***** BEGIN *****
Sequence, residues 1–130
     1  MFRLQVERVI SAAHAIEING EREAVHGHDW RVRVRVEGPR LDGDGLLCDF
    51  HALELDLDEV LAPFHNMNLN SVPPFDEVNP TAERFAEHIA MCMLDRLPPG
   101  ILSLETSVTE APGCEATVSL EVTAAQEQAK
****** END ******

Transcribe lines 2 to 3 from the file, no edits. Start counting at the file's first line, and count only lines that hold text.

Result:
     1  MFRLQVERVI SAAHAIEING EREAVHGHDW RVRVRVEGPR LDGDGLLCDF
    51  HALELDLDEV LAPFHNMNLN SVPPFDEVNP TAERFAEHIA MCMLDRLPPG